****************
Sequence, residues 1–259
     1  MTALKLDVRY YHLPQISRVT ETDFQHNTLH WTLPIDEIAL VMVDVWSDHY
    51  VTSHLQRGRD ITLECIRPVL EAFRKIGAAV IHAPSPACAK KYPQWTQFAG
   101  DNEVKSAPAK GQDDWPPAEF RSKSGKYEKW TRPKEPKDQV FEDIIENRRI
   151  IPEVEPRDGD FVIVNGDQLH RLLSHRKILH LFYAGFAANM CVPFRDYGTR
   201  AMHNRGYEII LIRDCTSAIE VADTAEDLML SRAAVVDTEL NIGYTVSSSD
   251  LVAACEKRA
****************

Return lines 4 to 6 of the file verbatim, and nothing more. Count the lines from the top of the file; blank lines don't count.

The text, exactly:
   101  DNEVKSAPAK GQDDWPPAEF RSKSGKYEKW TRPKEPKDQV FEDIIENRRI
   151  IPEVEPRDGD FVIVNGDQLH RLLSHRKILH LFYAGFAANM CVPFRDYGTR
   201  AMHNRGYEII LIRDCTSAIE VADTAEDLML SRAAVVDTEL NIGYTVSSSD